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dc.contributor.advisor Finlan, Alastair
dc.contributor.advisor Gunning, Jeroen
dc.contributor.advisor Ewan, Pauline
dc.contributor.author Trenell, Paul
dc.date.accessioned 2008-01-08T16:21:42Z
dc.date.available 2008-01-08T16:21:42Z
dc.date.issued 2006
dc.identifier.uri http://hdl.handle.net/2160/410
dc.description.abstract For over a decade the academic community has been locked in a stalemate regarding the most appropriate manner in which to conceptualize the threats posed to human life by the natural environment. Initial strategies attempted to generate an extraordinary policy response by conceptualizing the environment as a security issue, giving rise to the notion of 'environmental security'. Objections were raised to this connection on the grounds that locating the environment on the security agenda could prove counterproductive by importing statist, militarist and status quo mindsets into the environmental realm. Recent moves from the critical security camp have attempted to negate these concerns by contesting that the nature of security is not fixed, and therefore may be modified to more effectively accommodate environmental hazards. Despite the scale of debate there is still no consensus on how best to frame environmental concerns. This thesis attempts to contribute to the breaking of this impasse. I contend that the project to connect the environment and security operates on the basis of the assumption that labelling the environment as a security issue will key in to the mobilization potential associated with the concept of security. Drawing on the work of the Copenhagen School I argue that the capacity of 'security' to mobilize is only unlocked as the result of complex political processes contingent on the presence of certain facilitating conditions which may not be fulfilled in the environmental sector. As such, successful securitization of the environment may not be a possibility. If connecting the environment to security will not mobilize an extraordinary response the entire rationale of the 'environmental security' enterprise is undercut, opening up the incentive to search for answers to environmental vulnerability which go beyond security. en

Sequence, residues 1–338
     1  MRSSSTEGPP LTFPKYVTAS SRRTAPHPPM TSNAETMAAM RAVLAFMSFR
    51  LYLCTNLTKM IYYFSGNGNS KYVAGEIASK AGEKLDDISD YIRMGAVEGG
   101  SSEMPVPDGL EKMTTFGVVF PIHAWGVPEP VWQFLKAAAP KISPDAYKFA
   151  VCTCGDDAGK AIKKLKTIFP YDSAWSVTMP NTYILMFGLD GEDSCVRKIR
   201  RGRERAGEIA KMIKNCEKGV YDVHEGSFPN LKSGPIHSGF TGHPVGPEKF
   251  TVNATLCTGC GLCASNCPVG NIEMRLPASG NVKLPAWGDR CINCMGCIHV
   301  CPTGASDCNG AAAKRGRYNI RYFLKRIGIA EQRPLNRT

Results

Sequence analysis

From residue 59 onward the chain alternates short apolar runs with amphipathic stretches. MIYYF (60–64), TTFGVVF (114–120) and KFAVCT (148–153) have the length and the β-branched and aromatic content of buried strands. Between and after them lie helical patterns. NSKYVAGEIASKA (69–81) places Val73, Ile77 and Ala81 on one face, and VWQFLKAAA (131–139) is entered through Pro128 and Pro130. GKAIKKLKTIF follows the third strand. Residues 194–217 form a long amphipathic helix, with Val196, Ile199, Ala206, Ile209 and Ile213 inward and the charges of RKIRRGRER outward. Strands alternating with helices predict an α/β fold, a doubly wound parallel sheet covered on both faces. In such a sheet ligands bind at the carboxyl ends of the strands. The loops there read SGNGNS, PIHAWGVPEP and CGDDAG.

dc.format.extent 367992 bytes
dc.format.extent 148480 bytes
dc.format.mimetype application/pdf
dc.format.mimetype application/msword
dc.language.iso en en
dc.publisher University of Wales Aberystwyth en
dc.title The (Im)possibility of 'Environmental Security' en
dc.type Text en
dc.publisher.department International Politics en
dc.type.qualificationlevel taught masters en
dc.type.qualificationname MSc Econ en
dc.type.publicationtype thesis or dissertation


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